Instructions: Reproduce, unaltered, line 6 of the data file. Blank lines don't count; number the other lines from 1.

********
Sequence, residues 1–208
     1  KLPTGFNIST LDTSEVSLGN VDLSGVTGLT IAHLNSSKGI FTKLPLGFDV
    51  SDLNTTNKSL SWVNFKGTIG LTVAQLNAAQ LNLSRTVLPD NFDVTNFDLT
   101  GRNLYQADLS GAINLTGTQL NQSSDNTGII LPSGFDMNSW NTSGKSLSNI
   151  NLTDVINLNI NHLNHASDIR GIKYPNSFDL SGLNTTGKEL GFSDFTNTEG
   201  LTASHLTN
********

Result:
   201  LTASHLTN